03/01/15 Sermon (March 1, 2015)

posted Jun 24, 2015, 11:24 AM by David Hawkins

“Reckoned for the Nations”

Old Testament Reading: Genesis 17:1-7, 15-16

When Abram was ninety-nine years old, the LORD appeared to Abram, and said to him, “I am God Almighty; walk before me, and be blameless. And I will make my covenant between me and you, and will make you exceedingly numerous.” Then Abram fell on his face; and God said to him, “As for me, this is my covenant with you: You shall be the ancestor of a multitude of nations. No longer shall your name be Abram, but your name shall be Abraham; for I have made you the ancestor of a multitude of nations. I will make you exceedingly fruitful; and I will make nations of you, and kings shall come from you. I will establish my covenant between me and you, and your offspring after you throughout their generations, for an everlasting covenant, to be God to you and to your offspring after you.”

God said to Abraham, “As for Sarai your wife, you shall not call her Sarai, but Sarah shall be her name. I will bless her, and moreover I will give you a son by her. I will bless her, and she shall give rise to nations; kings of peoples shall come from her.”

New Testament Reading: Romans 4:13-25

For the promise that he would inherit the world did not come to Abraham or to his descendants through the law but through the righteousness of faith. If it is the adherents of the law who are to be the heirs, faith is null and the promise is void. For the law brings wrath; but where there is no law, neither is there violation.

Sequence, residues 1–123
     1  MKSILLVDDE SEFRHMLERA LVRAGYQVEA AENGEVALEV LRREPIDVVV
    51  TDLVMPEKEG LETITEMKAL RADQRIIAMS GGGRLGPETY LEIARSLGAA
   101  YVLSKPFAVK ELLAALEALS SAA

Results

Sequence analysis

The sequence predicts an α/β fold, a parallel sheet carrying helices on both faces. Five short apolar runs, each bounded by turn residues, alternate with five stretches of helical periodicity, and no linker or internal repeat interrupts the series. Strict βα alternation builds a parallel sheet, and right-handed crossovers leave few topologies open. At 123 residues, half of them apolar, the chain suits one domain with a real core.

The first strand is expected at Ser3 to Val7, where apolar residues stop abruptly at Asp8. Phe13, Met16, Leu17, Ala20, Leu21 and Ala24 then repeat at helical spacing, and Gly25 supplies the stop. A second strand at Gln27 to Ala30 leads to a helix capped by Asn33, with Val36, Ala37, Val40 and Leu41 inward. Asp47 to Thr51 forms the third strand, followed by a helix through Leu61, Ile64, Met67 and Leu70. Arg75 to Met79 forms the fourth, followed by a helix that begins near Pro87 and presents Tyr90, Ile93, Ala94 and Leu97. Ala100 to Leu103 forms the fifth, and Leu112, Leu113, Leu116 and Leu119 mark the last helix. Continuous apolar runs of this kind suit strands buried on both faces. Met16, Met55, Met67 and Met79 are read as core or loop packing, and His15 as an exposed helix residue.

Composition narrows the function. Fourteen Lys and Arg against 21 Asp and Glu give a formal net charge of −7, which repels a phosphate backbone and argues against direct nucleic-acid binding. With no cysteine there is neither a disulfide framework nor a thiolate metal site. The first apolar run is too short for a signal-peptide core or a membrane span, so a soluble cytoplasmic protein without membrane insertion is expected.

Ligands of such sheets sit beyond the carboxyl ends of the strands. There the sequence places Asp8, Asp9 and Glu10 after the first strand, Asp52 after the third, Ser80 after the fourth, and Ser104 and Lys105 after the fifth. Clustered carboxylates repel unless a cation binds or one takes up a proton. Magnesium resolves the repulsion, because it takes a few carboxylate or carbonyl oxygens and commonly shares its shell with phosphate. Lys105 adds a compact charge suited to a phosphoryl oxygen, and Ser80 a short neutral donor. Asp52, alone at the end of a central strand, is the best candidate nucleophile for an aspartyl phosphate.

For this reason it depends on faith, in order that the promise may rest on grace and be guaranteed to all his descendants, not only to the adherents of the law but also to those who share the faith of Abraham (for he is the father of all of us, as it is written, “I have made you the father of many nations”) — the presence of the God in whom he believed, who gives life to the dead and calls into existence the things that do not exist.

Hoping against hope, he believed that he would become “the father of many nations,” according to what was said, “So numerous shall your descendants be.” He did not weaken in faith when he considered his own body, which was already as good as dead (for he was about a hundred years old), or when he considered the barrenness of Sarah’s womb.

No distrust made him waver concerning the promise of God, but he grew strong in his faith as he gave glory to God, being fully convinced that God was able to do what he had promised. Therefore his faith “was reckoned to him as righteousness.” Now the words, “it was reckoned to him,” were written not for his sake alone, but for ours also. It will be reckoned to us who believe in him who raised Jesus our Lord from the dead, who was handed over to death for our trespasses and was raised for our justification.

Sermon: "Reckoned for the Nations"             Rev. David Hawkins

For this season of Lent, we will be looking at both the Old and New Testament Lectionary Texts each Sunday, focusing especially on  the Promises that God has made to his people throughout history, and the way those promises are kept in the person of Jesus Christ.